It’s official: Cavs get no respect

INDEPENDENCE, Ohio — When you’re a team like the Cavaliers, it’s easy to feel like you’re getting a raw deal.

Small market. Losing record. Lots of young players.

In the NBA, that type of reputation doesn’t exactly garner a lot of respect. Not from opposing teams, not from major media outlets, and certainly not from the officials.

Now, no one is suggesting the NBA office has set out to rip off the Cavs — because it’s not. Nor is anyone saying the refs enter games making a conscious effort to favor the Cavs’ opponents — because they’re not.

But anyone who follows the NBA has heard of the “superstar call.” Anyone who follows the NBA knows the best players rarely foul out of games. And anyone who follows the NBA is well aware that rookies and role players usually don’t get calls.

Again, none of this is mandated by the league. So don’t get the wrong idea.

It’s just that, well, in the NBA, you have to earn respect from the officials. Right or wrong, folks, that’s just the way it goes, and the way it always has.

So when you see Cavs rookie center Tyler Zeller get clubbed under the basket . . . with no whistle . . . it likely aggravates you. It aggravates Zeller and the Cavs, too. Especially when Zeller gets called for a ticky-tack foul at the other end.

The same applies to rookie guard Dion Waiters and second-year forward Tristan Thompson and on and on and on.

So, what’s Cavs coach Byron Scott to do?

The answer is probably not a whole lot. Not anything, really.

“Referees are not going to give us a lot of calls, period,” Scott said. “I told our guys that before the season even started. So don’t cry about it. Just keep playing.”

As for earning the refs’ respect, well, there’s no really predicting how that works, either. As commissioner David Stern will tell you, the refs aren’t robots. They’re actually real live humans who make mistakes. Everyone hates them for it, but hey, that’s reality.

“The only way we’re going to get their respect is just by playing hard every single night,” Scott said. “We know we’re getting hammered a lot and we’re not getting calls.

“But at the end of the day, we look at the stats and we’re right there — either even or (with) more free throws attempted than our opponent. So we can’t cry about it too much.”

Of the 30 NBA teams, the Cavs rank 19th in free throws attempted at 22.6 per game. That’s almost nine less than the league-leading (and league-darling) Lakers and their star-studded lineup of Kobe Bryant, Dwight Howard and others. As of Dec. 4, the Lakers were attempting a whopping 31.3 foul shots a night.

On the bright side, the Cavs (4-14) are beginning to make the most of the freebies they’re occasionally given — having improved from their struggles from the line earlier this season.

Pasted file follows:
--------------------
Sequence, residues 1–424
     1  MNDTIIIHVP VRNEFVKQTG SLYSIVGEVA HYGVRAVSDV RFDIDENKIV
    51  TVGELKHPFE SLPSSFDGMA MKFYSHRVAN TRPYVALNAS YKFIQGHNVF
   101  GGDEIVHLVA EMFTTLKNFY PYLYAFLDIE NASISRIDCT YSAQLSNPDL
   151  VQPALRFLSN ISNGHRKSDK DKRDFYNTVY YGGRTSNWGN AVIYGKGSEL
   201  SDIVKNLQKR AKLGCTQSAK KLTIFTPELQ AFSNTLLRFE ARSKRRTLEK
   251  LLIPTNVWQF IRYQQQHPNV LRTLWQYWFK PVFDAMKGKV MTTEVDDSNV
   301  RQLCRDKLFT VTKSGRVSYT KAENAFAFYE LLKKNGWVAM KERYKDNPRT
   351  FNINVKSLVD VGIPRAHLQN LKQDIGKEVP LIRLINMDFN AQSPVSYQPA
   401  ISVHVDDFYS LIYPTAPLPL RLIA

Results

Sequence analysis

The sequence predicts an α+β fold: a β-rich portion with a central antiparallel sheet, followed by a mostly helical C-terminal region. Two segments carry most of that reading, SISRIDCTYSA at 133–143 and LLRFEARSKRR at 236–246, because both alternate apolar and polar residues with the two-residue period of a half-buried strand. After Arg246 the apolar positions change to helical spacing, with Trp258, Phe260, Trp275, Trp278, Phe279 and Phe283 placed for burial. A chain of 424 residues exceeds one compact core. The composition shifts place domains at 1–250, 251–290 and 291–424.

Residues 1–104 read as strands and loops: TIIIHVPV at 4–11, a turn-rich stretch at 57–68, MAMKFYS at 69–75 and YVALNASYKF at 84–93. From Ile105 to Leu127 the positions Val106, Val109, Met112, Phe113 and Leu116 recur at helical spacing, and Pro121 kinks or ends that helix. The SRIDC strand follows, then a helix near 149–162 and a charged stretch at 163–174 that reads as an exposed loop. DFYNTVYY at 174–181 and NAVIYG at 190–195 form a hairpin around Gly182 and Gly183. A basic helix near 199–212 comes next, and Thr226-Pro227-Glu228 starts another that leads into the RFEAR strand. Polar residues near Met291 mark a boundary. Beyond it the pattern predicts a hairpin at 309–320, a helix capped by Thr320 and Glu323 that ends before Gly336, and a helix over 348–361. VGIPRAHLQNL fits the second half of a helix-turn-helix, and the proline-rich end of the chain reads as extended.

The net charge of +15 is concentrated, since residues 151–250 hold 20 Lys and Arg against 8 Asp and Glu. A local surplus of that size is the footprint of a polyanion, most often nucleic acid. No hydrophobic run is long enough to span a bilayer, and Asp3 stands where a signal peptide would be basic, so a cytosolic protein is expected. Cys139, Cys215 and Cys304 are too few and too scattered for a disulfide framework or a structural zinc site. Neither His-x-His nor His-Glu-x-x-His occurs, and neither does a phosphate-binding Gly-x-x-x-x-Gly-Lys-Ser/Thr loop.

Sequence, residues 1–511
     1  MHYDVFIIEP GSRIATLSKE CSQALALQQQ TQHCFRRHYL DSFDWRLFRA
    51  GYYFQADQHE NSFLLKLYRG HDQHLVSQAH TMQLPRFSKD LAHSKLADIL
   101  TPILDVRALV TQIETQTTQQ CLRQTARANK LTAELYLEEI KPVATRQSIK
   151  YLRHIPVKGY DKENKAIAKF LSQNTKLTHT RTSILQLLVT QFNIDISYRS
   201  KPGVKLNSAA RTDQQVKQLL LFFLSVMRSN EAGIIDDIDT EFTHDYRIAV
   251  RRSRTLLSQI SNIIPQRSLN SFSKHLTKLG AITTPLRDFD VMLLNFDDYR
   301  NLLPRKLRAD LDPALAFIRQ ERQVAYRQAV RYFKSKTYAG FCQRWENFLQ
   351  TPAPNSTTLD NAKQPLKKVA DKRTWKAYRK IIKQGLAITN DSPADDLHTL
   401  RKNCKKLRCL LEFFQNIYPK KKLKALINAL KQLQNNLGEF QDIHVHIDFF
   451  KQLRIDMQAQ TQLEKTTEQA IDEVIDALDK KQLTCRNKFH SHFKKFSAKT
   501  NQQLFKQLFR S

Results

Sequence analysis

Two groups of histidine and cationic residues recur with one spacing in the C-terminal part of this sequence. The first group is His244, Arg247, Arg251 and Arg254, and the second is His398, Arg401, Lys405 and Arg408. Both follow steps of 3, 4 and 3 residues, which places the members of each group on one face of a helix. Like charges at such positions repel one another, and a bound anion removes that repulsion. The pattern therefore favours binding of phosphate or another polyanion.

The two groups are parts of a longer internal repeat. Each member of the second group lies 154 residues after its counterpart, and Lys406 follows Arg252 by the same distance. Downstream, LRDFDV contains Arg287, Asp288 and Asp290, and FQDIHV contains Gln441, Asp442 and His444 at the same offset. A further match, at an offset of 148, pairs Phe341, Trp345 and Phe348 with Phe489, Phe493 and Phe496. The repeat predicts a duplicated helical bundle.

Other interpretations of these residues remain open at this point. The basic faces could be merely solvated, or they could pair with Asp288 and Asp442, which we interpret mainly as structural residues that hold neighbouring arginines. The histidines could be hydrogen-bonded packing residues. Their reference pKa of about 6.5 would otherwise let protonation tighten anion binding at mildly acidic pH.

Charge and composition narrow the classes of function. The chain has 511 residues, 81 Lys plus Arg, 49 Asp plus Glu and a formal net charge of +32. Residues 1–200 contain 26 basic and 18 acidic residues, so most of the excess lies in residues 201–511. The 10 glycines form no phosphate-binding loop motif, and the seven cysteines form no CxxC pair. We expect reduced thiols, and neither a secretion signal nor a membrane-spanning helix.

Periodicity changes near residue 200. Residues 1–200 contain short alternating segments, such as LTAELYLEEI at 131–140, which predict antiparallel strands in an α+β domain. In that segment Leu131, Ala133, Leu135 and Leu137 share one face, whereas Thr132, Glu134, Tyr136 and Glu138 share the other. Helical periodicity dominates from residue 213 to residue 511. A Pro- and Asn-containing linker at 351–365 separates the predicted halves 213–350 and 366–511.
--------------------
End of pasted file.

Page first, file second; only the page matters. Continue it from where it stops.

Either way, Scott has been able to maintain his composure, keeping his cool and avoiding picking up technicals, or worse, getting tossed from games.

That’s pretty much by design, too.

“My problem is, when I get a tech, I kind of go overboard,” Scott said, smiling. “So it kind of goes from techs to $35,000 fines or ejections. I’m trying to keep my cool as much as possible.”

It’s not always easy, but when you’re the Cavs, what choice do you really have?


Power forward Kevin Jones, recalled from the D-League Canton Charge on Tuesday, says he wasn’t deterred in his quest to return to the Cavs. Jones was waived at the end of training camp. “I always kept faith in myself,” he said. “I just so happened to be in a great situation in Canton. I was familiar with Coach (Alex) Jensen. It gave me an opportunity to grow.” Jones recorded four double-doubles in five Charge games. He comes to the Cavs with D-League averages of 23.6 points and 12.6 rebounds per game.

Dion Waiters did not practice Tuesday and is questionable for the Cavs’ home game Wednesday vs. Chicago. Waiters sprained his left ankle in Saturday’s loss to Portland. He then missed Monday’s game at Detroit. If Waiters can’t go, Scott said he’s likely to use a different starting lineup than the one that started Monday. In that game, an 89-79 loss, Omri Casspi started at small forward, with Alonzo Gee moving to shooting guard. However, the Cavs trailed 30-17 at the end of the first quarter. “Just looking at that aspect of it, I would have to say right now, I’m about 75 percent sure it probably won’t be the same lineup,” Scott said. He did not want to elaborate beyond that.

The Cavs-Bulls game Wednesday is scheduled to tip off at 8 p.m. ET. It will be televised by FOX Sports Ohio, with the Cavaliers Live pregame show starting at 7:30.

Follow Sam Amico on Twitter @SamAmicoFSO